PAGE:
Unexpectedly Intriguing!
March 29, 2005

Update!: A new, improved version of this calculator based on cohort life expectancy data published in 2002 is now available! If you would like to see how one's average remaining life expectancy has changed since 1989-1991, try this calculator first, then the new version!

Welcome Grand Rounds!

Good question, right? Given that this information is key to many of the debates surrounding public policy (Social Security, Medicare, etc.), I've decided to take some time to crunch through the remaining life expectancy numbers published in the National Center for Health Statistics' U.S. Decennial Life Tables for 1989-1991 (available online as a 429KB PDF document), which has the most recent official numbers published for the United States, in order to figure out, statistically speaking, how much time you have left!

Update: A knowledgeable reader has pointed out a basic flaw in my methodology in using the data outlined below to generate the math behind the calculator in this post. As it turns out, the data is based on period life expectancy data (wrong) versus cohort life expectancy data (correct). I had missed this important distinction in the NCHS document linked above. The difference between the two types of life expectancy data is as follows:

  • Period life expectancy is based upon actual or expected death rates for a specified period of time (in this case, the period between 1989 and 1991.) As such, this data could only be used in forecasting life expectancy if and only if the death rate experienced during the period of record could be expected to remain unchanged going forward from when the data was collected.
  • Cohort life expectancy is determined differently. Here, remaining life expectancy is tracked by recording the lifespan for those born in a given year until no one born in that year is still living. Consequently, cohort life expectancy data will reflect trends in changing death rates over time, which makes this data ideal for forecasting.

The difference between the two depends upon the trend in death rates. Given that a declining death rate has prevailed in the U.S. since the NCHS data was collected, forecasts based on this data will underestimate one's statistically remaining lifespan. So, if you're willing to proceed further, be assured that you will likely have more time left to you than what the calculator below would seem to indicate. Then again, if you're feeling particularly healthy, you could just skip down to the "Living to 100" calculator below....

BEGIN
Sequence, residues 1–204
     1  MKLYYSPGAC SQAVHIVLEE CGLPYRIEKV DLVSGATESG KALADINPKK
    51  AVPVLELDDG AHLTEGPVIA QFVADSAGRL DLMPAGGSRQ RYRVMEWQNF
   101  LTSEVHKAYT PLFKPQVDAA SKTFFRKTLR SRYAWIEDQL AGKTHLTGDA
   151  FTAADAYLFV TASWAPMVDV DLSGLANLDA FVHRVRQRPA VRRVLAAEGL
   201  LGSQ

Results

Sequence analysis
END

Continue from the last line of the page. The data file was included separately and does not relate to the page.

First, here is the data from U.S. Decennial Life Tables' Table 2 (Men) and Table 3 (Women) presented in a single chart, along with the corresponding simplified math formulas that describe each set of data:

Average Remaining Life Expectancy, U.S. Men and Women

Click the chart for a larger image.

Now, as you might expect, it just wouldn't be Political Calculations(TM) if we didn't put a tool together to let you see where you might fall on the statistical scale:

Age Data
Input Data Values
Your Current Age (Years)




Remaining Life Expectancy
Calculated Results Values
Average Number of Years Remaining for a Man
Average Number of Years Remaining for a Woman

Is That Data Good Enough?

While the values calculated above correspond with the average remaining life expectancy published by the NCHS, the question remains of whether these numbers are good enough to help you plan for the rest of your life. What if you're healthier than average, and may expect to live for much longer? What if you're not? Fortunately, there's a much more detailed tool on the web to help you find out!

Want to Live to 100?

The Living to 100 Calculator (which you may access without entering your personal contact information) is presented by the Alliance for Aging Research, and takes many of the factors that may directly affect your life expectancy into account, such as the quality of the air you breathe, whether or not you smoke, your diet, your health and your family's medical history, to name a few potential contributors. Give it a shot - you may find out that you have several more years to look forward to than you might have otherwise expected!

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About Political Calculations

Welcome to the blogosphere's toolchest! Here, unlike other blogs dedicated to analyzing current events, we create easy-to-use, simple tools to do the math related to them so you can get in on the action too! If you would like to learn more about these tools, or if you would like to contribute ideas to develop for this blog, please e-mail us at:

ironman at politicalcalculations.com

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